1976 SSPC: John, Garner & Montanez

No Hall-Of-Famers in this post, but we’ve got three players who are familiar to anyone who loves and/or collects 1970’s baseball.

Tommy John… is well-known as short hand for ulnar collateral ligament surgery, but thanks in part to Tommy John’s Tommy John surgery, he pitched another 14 seasons, 26 in total. He had 288 career wins, three 20-win seasons, was a 4-time All Star and twice was the runner-up in Cy Young voting. I tend to think of him as a Dodger, but he spent just 6 years with the Dodgers (plus one lost season after his surgery).
1976 SSPC #69 Tommy John
In 1976, John… was the N.L. Comeback player of the year after having sat out 1975 while recovering from his surgery.

Betcha Didn’t Know: Tommy John pitched in three World Series, two with the Dodgers, one with the Yankees. All three Fall Classics (1977, 1978, 1981) matched up the Dodgers and Yankees, all three went 6 games, and all three times Tommy John was on the losing side.


Phil Garner… played 16 years in the Majors, playing in over 100 games for many of those seasons. He was a three-time All Star and made the postseason four times, including World Championship with the 1979 Pirates.
1976 SSPC #495 Phil Garner
In 1976, Garner… was an All Star and his 12 triples tied Rod Carew for 2nd in the A.L. (George Brett had 14).


Willie Montanez… played 14 seasons with 9 teams. He finished second to Earl Williams in 1971 N.L. Rookie Of The Year voting in 1971 and made the Topps All-Star Rookie team. He was also an All-Star with the Braves in 1977. At various times in his career he lead the league in Sacrifice Flies (13 in ’71), Doubles (39 in ’72) and Grounding Into Double Plays (26 times each in ’75 and ’76).
1976 SSPC #103 Willie Montanez
This card (and much of the 1976 SSPC Giants team set) is Night Owl’s Nightmare.  It’s a NIGHT CARD!!!  …But it’s a SAN FRANCISCO GIANT!!!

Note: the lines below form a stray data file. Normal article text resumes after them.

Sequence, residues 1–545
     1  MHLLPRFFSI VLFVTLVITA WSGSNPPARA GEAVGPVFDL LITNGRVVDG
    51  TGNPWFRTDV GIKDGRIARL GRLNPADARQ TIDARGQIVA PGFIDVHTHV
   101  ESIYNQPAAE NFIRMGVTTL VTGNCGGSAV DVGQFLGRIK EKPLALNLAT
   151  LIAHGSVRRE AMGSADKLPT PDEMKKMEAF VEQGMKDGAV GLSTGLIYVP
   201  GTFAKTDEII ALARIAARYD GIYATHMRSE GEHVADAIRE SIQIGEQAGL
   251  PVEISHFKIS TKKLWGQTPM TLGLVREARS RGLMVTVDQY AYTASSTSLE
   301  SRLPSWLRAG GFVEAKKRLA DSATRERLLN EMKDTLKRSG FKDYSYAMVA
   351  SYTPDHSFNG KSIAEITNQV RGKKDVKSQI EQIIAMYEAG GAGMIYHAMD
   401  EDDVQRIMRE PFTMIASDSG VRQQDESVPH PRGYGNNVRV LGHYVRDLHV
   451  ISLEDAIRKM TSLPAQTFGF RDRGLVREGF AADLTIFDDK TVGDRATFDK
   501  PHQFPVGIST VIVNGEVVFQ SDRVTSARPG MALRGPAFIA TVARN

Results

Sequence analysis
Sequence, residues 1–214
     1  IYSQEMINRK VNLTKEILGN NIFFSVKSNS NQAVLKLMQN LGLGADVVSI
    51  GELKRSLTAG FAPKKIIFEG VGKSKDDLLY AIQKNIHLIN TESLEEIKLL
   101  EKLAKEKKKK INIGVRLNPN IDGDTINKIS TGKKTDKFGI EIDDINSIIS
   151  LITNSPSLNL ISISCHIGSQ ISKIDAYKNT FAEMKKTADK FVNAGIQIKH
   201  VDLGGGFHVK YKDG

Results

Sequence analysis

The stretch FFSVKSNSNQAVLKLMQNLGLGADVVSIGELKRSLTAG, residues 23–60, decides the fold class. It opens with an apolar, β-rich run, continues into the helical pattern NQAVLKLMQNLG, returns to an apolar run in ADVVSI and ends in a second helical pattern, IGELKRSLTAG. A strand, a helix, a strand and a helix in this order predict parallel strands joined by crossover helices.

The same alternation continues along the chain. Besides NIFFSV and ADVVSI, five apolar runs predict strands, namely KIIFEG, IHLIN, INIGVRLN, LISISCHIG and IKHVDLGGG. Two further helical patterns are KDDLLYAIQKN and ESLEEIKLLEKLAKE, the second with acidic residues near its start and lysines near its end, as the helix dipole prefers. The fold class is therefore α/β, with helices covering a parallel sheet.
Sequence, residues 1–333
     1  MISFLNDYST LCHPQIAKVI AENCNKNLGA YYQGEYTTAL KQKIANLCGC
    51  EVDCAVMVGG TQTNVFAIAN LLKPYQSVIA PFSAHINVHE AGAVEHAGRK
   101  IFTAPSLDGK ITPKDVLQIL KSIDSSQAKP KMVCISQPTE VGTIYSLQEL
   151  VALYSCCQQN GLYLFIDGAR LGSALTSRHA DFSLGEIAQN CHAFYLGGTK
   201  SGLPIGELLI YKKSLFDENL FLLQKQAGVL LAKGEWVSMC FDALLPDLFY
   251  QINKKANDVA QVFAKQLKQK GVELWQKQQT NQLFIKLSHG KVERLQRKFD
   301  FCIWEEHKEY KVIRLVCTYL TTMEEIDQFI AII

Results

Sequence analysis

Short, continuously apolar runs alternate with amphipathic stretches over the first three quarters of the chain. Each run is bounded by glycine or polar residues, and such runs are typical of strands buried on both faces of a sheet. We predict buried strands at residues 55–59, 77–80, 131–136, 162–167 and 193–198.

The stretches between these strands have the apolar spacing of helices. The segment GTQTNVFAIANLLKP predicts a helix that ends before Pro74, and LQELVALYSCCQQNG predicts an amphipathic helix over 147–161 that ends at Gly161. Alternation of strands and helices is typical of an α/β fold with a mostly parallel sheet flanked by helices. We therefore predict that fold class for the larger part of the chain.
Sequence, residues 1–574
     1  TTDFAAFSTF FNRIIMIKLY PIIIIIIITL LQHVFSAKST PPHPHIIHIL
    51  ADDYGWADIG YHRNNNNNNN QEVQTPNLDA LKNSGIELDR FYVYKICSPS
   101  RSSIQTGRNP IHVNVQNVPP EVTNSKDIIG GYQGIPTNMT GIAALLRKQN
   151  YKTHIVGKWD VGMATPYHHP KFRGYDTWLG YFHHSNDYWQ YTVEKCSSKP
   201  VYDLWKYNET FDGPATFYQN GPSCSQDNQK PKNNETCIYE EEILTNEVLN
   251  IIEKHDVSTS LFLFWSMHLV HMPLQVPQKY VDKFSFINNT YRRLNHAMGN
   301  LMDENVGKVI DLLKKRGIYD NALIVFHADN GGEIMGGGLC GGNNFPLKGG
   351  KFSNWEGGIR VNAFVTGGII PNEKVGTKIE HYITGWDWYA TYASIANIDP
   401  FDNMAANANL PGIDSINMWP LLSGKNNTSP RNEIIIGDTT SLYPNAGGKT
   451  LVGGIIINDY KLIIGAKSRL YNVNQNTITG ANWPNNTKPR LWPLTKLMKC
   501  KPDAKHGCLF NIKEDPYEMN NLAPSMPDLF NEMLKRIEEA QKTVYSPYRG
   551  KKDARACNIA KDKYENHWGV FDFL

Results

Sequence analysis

In 1976, Montanez… was traded to the Braves in June, and the timing of the trade combined with his playing every day allowed him to lead the league with 163 games played.


Shea-o-meter
All three photos were taken at Shea Stadium.
Shea: 59
Pretty sure it’s Shea: 8
Can’t tell: 15
Not Shea: 7

1970’s Census: Keeping track of all the instances of 1970’s trends…
I’m going to say we’ve got 3 pair of 1970’s sideburns, two mustaches and one case of long hair.

Total Cards: 88
1970’s Sideburns: 47
Fu Manchu: 4
Mustache other than Fu Manchu: 27
Afro: 1
Perm: 2
Aviators: 6
Long Hair: 19

A Zesty Met Acquisition

One of the cards I picked up in the COMC Black Friday frenzy – and yes, I’m still working through those cards – was this 1978 Topps Zest Willie Montañez.
1978 Zest Willie Montanez

This is a card I’ve been tracking down for years and years. As a Mets collector who grew up in the 1970’s, and as a former kid who used to imitate the way Willie Montañez flipped his glove after he made a putout at first (and sometimes inadvertently flipped the ball behind him in the process), I couldn’t look myself in the mirror and not have this card.

There are four other cards in this set, but I don’t have any interest in them because they have the same photos as their Topps counterparts, with only some minor back differences to distinguish them. 1978 Zest cards are sort of like a small Mexican O-Pee-Chee set. The main differences on the back are the bilingual text, the card numbering, the MLB and MLBPA logos replacing the game part of the back, and proper spelling of Montañez with an ‘ñ’ instead of an ‘n’.  I wonder why they didn’t change this on the front, especially since its fairly clear that they reset the type on the front of the card (the type is narrower than on the Topps card).

1978 Zest Montanez back

Contrast and Compare: This is the front of the 1978 Topps Montañez.
1978 Topps Willie Montanez

Many of your favorite sportscard bloggers have written about this card; for more deets on the Zest set as a whole, check out this Topps Archive post here.

As for Willie Montañez himself… Willie came to the Mets as part of a complicated December, 1977 trade which sent players flying in every which direction:

  • The Braves sent Montañez to the Mets.
  • The Rangers sent Tommy Boggs, Adrian Devine and Eddie Miller to the Braves,  sent Tom Grieve and a PTBNL (Ken Henderson) to the Mets and sent Bert Blyleven to the Pirates.
  • The Mets sent Jon Matlack to the Rangers and John Milner to the Pirates.
  • The Pirates sent Al Oliver and Nelson Norman to the Rangers.

Willie lasted for most of two seasons with the Mets, and was sent to Texas in August, 1979 for PTBNL’s which would end up being Ed Lynch and Mike Jorgensen (a long-time Shlabotnik favorite).